Whether it’s providing hand sanitizer, holding virtual town halls, or finding room for people to vote in person while social distancing, associations are helping to ensure an informed electorate and safe voting this fall.
Questions abound about the safety of the 2020 election—which promises to be unlike any other in modern history—and associations are hard at work on strategies to keep the public informed, polling places safe, and the election secure.
And it’s not just the usual suspects. Read on for ways organizations are stepping up in the final weeks before the November 3 election.
Hand Sanitizer in Every Polling Station
The associations: National Association of Secretaries of State, National Association of State Election Directors
The plan: Beer isn’t usually mentioned in the same breath as voting booths, but a collaboration among these groups and Budweiser brewer Anheuser-Busch is making it happen. In conjunction with the Cybersecurity and Infrastructure Security Agency, the partners will help to distribute 8 million ounces of hand sanitizer to polling locations across the country.
“With PPE in short supply, we appreciate Anheuser-Busch helping state and local election officials serve our voters safely,” said NASED President Lori Augino, director of elections for Washington’s secretary of state, in a news release. “Voters across the country can feel confident knowing their election officials are taking steps to provide for their safety if they choose to vote in person.”
Confidence in the Mail
The associations: National Association of Letter Carriers, National Rural Letter Carriers’ Association, American Postal Workers Union, National Postal Mail Handlers Union
The plan: Recent headlines have raised serious questions about the U.S. Postal Service’s ability to handle what is likely to be a significant increase in mail-in ballots this year. USPS recently announced a task force with the leaders of four major postal unions to ensure a stronger collaboration with state and local election officials and a consistent response to the electoral surge. According to Axios, the USPS calls the effort a “statement of unity and commitment” to delivering election mail on time.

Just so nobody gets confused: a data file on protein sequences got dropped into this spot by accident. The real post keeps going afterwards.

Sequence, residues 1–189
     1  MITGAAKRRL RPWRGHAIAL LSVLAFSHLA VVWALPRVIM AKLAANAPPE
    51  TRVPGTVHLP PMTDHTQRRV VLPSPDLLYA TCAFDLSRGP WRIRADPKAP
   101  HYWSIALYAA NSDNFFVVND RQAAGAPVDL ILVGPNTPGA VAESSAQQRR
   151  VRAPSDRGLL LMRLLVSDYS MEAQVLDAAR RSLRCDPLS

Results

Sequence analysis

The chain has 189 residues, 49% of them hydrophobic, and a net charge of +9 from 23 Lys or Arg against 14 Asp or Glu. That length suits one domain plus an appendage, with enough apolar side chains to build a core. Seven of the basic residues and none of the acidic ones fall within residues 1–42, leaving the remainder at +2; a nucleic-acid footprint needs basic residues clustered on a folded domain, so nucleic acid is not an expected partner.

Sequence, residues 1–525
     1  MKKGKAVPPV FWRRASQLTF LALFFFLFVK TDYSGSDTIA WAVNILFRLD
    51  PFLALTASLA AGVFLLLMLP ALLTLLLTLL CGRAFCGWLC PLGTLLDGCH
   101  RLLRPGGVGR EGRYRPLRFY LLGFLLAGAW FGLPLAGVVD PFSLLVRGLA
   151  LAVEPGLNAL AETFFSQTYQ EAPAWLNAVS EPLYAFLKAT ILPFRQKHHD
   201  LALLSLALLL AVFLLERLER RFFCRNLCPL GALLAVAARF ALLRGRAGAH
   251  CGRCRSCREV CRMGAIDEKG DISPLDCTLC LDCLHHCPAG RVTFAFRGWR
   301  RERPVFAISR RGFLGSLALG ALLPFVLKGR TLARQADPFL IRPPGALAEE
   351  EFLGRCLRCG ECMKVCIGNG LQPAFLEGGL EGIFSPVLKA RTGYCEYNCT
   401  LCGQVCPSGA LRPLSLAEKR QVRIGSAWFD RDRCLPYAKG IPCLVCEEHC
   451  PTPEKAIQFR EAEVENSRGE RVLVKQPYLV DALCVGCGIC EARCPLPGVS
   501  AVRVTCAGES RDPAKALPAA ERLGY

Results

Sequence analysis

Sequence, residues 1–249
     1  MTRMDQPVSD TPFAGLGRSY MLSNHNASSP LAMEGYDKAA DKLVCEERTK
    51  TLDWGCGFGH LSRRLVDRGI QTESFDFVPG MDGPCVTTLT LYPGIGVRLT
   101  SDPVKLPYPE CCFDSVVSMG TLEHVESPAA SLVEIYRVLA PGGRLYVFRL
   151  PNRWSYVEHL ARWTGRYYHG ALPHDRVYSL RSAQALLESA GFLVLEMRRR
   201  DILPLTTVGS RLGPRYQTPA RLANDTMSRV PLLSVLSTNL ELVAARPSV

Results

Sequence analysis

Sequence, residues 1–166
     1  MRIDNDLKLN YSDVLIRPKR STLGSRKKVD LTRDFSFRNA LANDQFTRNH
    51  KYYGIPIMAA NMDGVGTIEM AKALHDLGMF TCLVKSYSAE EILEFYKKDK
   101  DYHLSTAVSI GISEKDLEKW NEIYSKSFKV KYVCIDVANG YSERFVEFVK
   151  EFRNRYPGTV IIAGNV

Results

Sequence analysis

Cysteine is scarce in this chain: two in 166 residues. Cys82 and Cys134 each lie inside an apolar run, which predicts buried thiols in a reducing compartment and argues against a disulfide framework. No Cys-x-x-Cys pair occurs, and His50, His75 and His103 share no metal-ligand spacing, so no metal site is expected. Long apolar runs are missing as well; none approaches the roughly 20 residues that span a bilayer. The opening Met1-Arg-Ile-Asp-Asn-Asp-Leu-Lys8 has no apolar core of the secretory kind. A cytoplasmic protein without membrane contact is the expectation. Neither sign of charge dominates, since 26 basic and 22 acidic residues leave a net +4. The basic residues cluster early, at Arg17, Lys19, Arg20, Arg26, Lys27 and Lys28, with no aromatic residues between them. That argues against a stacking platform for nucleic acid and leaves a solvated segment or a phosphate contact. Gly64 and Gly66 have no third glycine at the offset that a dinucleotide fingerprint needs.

Objective Information on the Air
The associations: National Association of Broadcasters, League of Women Voters
The plan: Offering a counternarrative to the stream of misinformation that has colored election coverage in recent years, NAB has created an election toolkit to arm its members with useful and objective information to share with viewers and listeners before the election. Additionally, the group has teamed with the League of Women Voters on a public service initiative to help voters understand their rights and options..
Arenas As Polling Places
The association: National Basketball Players Association
The plan: It’s not every day that a sports league finds itself at the center of the election news cycle. But after Jacob Blake was shot by a police officer in Kenosha, Wisconsin, leading to protests within the NBA, the players association and its executive director, Michele Roberts, worked out a deal to turn some of the league’s arenas into in-person voting sites—a useful strategy, as the arenas are large enough to allow for social distancing.
“In every city where the league franchise owns and controls the arena property, team governors will continue to work with local election officials to convert the facility into a voting location for the 2020 general election to allow for a safe in-person voting option for communities vulnerable to COVID-19,” said a statement from Roberts and NBA Commissioner Adam Silver.
Alternatives to Town Halls
The association: AARP
The plan: Borrowing from the success of its virtual town halls about COVID-19, AARP will create virtual meetups to replace in-person town hall meetings about the election that it might have offered otherwise. The association is inviting candidates to take part in these meetings so that over-50 voters can ask them questions directly. The plan is one element of a broad campaign to inform and protect older voters.